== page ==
While looking into all this, I came across a document titled: Concept Note: Monitoring and Evaluation Strategy for a Mutual Accountability Based on Results, April 2010, issued by GPE when it was called Education For All – Fast Track Initiative.(3) This curiously muddled document explained that because everything was so complex, “a rigorous quantitative evaluation of the full impact of the FTI is not possible.”(4)

The solution? It proposed more emphasis on “advocacy, fundraising, and leadership activities,” instead of just results. In other words, let’s stop losing sleep about whether children get anything from this, what matters is that everyone feels good about us and keeps funding us. Smart idea! GPE named pop star Rihanna as its Global Ambassador.

Photo op for pop star Rihanna and Julia Gillard, former prime minister of Australia.
Rihanna in Malawi: GPE announced on its blog that “GPE Global Ambassador Rihanna called world leaders… on Twitter to prioritize education financing and GPE’s replenishment.” Did this twittering do any good for children? GPE doesn’t know. It doesn’t want to know. But it was a nice photo op for GPE Board Chair Julia Gillard (right), former prime minister of Australia.

GPE has been around for 20 years. It started with big plans. Plans are still the only thing it has. Children may have not have learned anything, but GPE did: As long as you make the donors happy, and grab some photo ops, you can forget about the children.

Update, January 2022:

I have not found further country evaluations since those quoted above, but the GPE “Results Report 2021″(5) continues to repeat the standard line: We have made great progress on school enrollment, but “challenges” remain when it comes to learning. Specifically: “Three out of five students cannot read by the end of primary school across the 32 partner countries with data available.” GPE uses this to ask for another $5 billion in funding. I’d call this proof that the present system is a disaster.

Desperate to offer some sign of progress, GPE tells us: “Learning outcomes improved in 70 percent of the 27 partner countries with data….” This sounds encouraging. But somebody studied the book How to Lie with Statistics. This is 70% of 27 partner countries with data. GPE has 76 partner countries. Only 19 (25%) of them reported better learning outcomes. The rest stagnated, got worse, or didn’t report data. And which countries do you think would be most likely to report data: Those with good news, or with bad news? The full picture appears to be quite bad but GPE’s eyes are squinched shut. GPE knows how many donor pledges came through, how many countries had good plans. But after 20 years, it has “insufficient data” to know if all that helped children learn.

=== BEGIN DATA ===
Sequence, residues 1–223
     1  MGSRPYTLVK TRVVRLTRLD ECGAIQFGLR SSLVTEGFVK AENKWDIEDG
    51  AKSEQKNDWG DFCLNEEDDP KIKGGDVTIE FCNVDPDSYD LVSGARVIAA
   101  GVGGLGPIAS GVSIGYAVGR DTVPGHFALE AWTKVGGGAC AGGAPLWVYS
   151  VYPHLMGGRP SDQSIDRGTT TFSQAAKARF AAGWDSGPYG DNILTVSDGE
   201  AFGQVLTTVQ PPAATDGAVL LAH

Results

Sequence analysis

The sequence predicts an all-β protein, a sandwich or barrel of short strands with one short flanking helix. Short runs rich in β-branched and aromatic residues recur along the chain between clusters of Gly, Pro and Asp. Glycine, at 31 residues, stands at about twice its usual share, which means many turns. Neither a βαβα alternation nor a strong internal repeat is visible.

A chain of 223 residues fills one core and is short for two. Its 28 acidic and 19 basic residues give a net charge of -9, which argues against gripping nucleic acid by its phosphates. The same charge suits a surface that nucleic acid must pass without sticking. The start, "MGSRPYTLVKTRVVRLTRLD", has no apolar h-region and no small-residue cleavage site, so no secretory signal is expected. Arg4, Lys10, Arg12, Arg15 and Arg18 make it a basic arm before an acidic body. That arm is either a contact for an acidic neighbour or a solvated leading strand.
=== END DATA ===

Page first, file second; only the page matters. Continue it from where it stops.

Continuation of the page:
Notes and sources:

1. Screenshots are from Global Partnership for Education home page, 14 March 2020. Girls marching in lockstep is from an announcement that it emailed, 26 Feb. 2020.

2. These evaluations are conducted by agencies which make a living from such work. Remember the financial crisis of 2008? A major cause was that complex financial products were evaluated by ratings agencies. But who would ask Moody’s or S&P to rate a new derivative if the agency had a reputation for being critical? Moody’s gave investment-grade ratings to both Enron and Lehman Brothers’ – just days before they went bankrupt. Likewise, the agencies that prepared these GPE evaluations had a strong incentive to find something nice to say. It wasn’t always easy. If you wish to dig deeper, a full selection is on GPE evaluation reports. These are from 2019-2021. I could not find more recent country evaluations for the early 2022 update of this page.

3. The Global Partnership for Education was known as the Education For All – Fast Track Initiative from 2002 until 2012, when it changed its name, explaining that: “We are no longer an initiative; we are a partnership with a long-term future.” It may also have been trying to preserve its funding connections, while getting getting rid of a name which had acquired a lousy reputation. Helen Abadzi, a long-time reading expert at the World Bank, wrote that “The Education for All initiative greatly increased enrolments but gave rise in some countries to a generation of schooled illiterates.” (Abadzi, “Turning a molehill into a mountain?”)

4. GPE’s 2010 paper is no longer posted on its website, but Google stored a copy. You can download it by clicking here: Concept Note: Monitoring and Evaluation Strategy for a Mutual Accountability Based on Results. Those who wish to learn more may look at the Mid-Term Evaluation of the EFA Fast Track Initiative, February 2010, which largely concludes that EFA-FTI didn’t perform very well, but could be fixed.

5. The GPE Results Report 2021 can be downloaded from this page: GPE Results 2021.

Photo: Rihanna in Malawi by Evan Rogers, from the GPE website. Used for purposes of comment and criticism under Fair Use provisions of copyright law.